- A plaid tech jacket was made with advanced color-changing fibers that respond to AI analysis of voice and social media feeds.
- A SolarActive™ sundress, inspired by Hilfiger silhouettes and color palettes, was created with advanced solar-reactive fabric and customer personalization. One strap of the dress has the initials TH for Tommy Hilfiger; the other strap is customized with the purchaser’s initials.
- Designs were created based on an individual’s social personality, such as an avatar made to be used as a design element; a bomber jacket that uses Watson Personality Insights from the customer’s Twitter account to determine individualized striping and color; and a white “smart” parka that can display current events, temperature, train updates, music, and social media on a removable OLED screen, using voice control and conductive fibers.
Executives from Tommy Hilfiger and PVH, the parent company of Hilfiger, selected Grace McCarty’s plaid tech jacket as the top design. McCarty’s cognitive print jacket and Amy Tae Hwa Eun’s SolarActive™ sundress were made into samples that were showcased in a display about the project at National Retail Federation (NRF) 2018, Retail’s Big Show, held at the Javits Center January 14-16.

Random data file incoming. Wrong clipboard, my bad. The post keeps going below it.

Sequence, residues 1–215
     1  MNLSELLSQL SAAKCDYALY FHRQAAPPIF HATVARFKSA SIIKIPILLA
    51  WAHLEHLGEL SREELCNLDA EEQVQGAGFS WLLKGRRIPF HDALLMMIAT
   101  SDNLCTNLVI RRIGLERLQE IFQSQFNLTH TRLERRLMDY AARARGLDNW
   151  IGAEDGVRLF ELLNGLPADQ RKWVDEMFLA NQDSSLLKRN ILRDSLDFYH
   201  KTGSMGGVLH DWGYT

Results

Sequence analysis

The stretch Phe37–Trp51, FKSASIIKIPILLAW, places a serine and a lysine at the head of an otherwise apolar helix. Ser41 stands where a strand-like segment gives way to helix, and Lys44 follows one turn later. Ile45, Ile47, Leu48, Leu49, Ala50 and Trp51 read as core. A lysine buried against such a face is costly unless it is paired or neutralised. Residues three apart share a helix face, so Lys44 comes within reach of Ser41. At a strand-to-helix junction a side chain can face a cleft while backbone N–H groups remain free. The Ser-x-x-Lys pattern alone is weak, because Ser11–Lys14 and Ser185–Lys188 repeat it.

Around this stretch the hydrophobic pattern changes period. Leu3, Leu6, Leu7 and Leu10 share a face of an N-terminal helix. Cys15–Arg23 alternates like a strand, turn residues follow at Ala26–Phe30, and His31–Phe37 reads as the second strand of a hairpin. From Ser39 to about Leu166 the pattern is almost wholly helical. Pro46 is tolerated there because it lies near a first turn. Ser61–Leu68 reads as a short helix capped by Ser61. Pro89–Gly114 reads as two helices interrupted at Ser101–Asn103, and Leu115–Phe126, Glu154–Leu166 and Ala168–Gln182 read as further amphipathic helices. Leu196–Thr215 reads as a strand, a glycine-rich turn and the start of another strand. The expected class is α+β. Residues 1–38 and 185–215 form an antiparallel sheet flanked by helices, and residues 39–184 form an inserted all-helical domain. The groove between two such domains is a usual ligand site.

As Avery Baker, Tommy Hilfiger’s chief brand officer, said in a blog post on IBM’s THINK site, “These young designers truly embody this spirit by showcasing the successful integration of fashion, technology, and science.”
“I loved the idea that we collaborated with IBM and FIT,” Hilfiger said in a talk at NRF. “What it proved to us is all the information that is out there can be reachable with a click. When FIT students took our archives, they were able to access everything we did in the past and apply it to today’s design concepts. It’s a tremendous breakthrough.”
The project continues to be well received by the industry. As examples of what can happen when we engage science and art, the garments that were produced are being presented at various industry conferences. Recently, Michael Ferraro spoke in Las Vegas at an IBM program.